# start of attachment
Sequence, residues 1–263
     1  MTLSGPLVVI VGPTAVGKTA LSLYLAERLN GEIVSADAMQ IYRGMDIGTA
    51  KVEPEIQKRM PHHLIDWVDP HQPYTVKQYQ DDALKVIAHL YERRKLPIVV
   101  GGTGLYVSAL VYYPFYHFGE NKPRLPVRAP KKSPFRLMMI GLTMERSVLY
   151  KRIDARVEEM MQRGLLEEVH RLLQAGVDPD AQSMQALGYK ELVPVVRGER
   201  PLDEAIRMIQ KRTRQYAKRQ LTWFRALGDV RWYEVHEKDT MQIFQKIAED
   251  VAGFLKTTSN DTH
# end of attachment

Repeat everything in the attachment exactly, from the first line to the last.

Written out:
Sequence, residues 1–263
     1  MTLSGPLVVI VGPTAVGKTA LSLYLAERLN GEIVSADAMQ IYRGMDIGTA
    51  KVEPEIQKRM PHHLIDWVDP HQPYTVKQYQ DDALKVIAHL YERRKLPIVV
   101  GGTGLYVSAL VYYPFYHFGE NKPRLPVRAP KKSPFRLMMI GLTMERSVLY
   151  KRIDARVEEM MQRGLLEEVH RLLQAGVDPD AQSMQALGYK ELVPVVRGER
   201  PLDEAIRMIQ KRTRQYAKRQ LTWFRALGDV RWYEVHEKDT MQIFQKIAED
   251  VAGFLKTTSN DTH